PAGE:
slides - University of Missouri

Strategies for Infusing Instruction
with Mathematical Practices
Samuel Otten
University of Missouri
[email protected]
National Council of Teachers of Mathematics
Regional Conference in Louisville, KY
November 8th, 2013
Math education is more about what we
have students doing than it is about what
content they are learning.
◦ For example, if we’re teaching content
standard N-RN.1, are we going to have
students sit quietly and receive information or
are we going to activate students as thinkers
and problem solvers?
Research over several decades has shown
that the way students engage in math
class impacts their attitudes and their
learning of content. (Boaler & Staples, 2008;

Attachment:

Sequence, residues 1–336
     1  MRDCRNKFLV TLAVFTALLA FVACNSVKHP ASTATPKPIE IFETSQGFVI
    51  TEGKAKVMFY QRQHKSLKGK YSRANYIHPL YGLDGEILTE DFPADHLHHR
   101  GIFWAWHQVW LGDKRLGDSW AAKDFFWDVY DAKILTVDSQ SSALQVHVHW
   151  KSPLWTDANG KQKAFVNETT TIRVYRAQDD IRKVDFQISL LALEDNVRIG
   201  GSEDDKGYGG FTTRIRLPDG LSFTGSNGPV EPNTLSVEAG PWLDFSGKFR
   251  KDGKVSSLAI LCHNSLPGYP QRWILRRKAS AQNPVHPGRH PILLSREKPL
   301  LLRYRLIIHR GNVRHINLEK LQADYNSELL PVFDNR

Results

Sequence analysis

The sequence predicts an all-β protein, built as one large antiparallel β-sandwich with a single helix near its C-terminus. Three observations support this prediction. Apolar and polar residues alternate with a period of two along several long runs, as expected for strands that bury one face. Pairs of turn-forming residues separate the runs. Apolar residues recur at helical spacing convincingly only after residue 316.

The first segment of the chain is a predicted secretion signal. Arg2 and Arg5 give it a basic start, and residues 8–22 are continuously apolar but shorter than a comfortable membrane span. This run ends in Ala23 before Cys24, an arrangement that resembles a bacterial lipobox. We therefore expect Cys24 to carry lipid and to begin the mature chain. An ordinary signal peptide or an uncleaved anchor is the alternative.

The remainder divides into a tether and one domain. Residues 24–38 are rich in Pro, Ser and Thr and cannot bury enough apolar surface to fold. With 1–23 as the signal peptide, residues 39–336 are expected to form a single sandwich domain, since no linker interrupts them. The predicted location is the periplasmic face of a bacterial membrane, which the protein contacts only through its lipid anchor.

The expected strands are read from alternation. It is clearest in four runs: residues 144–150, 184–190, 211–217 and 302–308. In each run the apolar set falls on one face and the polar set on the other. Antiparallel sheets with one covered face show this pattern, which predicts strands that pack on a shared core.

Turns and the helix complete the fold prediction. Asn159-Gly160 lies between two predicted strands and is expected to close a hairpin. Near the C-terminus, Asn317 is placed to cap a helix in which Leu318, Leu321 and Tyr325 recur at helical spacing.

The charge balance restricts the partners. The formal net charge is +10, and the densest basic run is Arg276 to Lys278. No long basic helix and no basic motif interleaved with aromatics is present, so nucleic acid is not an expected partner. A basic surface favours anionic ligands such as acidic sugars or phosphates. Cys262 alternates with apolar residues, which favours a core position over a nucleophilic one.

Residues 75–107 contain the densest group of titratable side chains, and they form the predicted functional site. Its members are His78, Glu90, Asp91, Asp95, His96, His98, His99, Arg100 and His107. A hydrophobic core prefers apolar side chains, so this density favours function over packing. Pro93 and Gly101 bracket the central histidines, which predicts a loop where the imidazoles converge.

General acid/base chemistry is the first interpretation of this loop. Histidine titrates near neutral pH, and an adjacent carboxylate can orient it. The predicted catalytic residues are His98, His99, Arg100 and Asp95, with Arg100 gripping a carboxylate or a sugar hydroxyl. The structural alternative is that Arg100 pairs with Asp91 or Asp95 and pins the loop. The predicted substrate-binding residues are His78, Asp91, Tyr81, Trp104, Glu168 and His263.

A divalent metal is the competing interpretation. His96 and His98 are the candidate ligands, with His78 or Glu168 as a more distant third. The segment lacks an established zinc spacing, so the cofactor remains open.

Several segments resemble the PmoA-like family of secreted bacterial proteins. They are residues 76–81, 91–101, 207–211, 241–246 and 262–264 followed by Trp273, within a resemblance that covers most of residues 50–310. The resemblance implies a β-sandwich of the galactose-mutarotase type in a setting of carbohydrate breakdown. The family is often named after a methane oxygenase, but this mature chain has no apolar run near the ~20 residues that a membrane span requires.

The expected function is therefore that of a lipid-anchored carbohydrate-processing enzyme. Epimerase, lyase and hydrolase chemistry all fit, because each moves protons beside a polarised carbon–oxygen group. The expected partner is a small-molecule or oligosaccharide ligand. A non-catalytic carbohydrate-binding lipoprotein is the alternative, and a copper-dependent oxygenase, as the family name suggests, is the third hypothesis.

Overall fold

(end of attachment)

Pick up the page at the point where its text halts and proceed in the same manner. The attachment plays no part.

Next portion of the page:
Hiebert & Grouws, 2007; Stein, Grover, & Henningsen, 1996)
The mathematical practices are the
official encapsulation of what students
should be doing.
KEY QUESTION: What can we be doing
as teachers to infuse these practices into
our teaching?
 Or… What more can we be doing to
better infuse these practices into our
Session Overview
Quick look at the practices
 Levels of Implementation
Classroom Culture
Discourse Patterns
Teacher Questions & Discourse Moves
Task Design and Selection
Standards for Mathematical Practice
Make sense of problems and persevere
in solving them
Reason abstractly and quantitatively
Construct viable arguments and
critique the reasoning of others
Model with mathematics
Use appropriate tools strategically
Attend to precision
Look for and make use of structure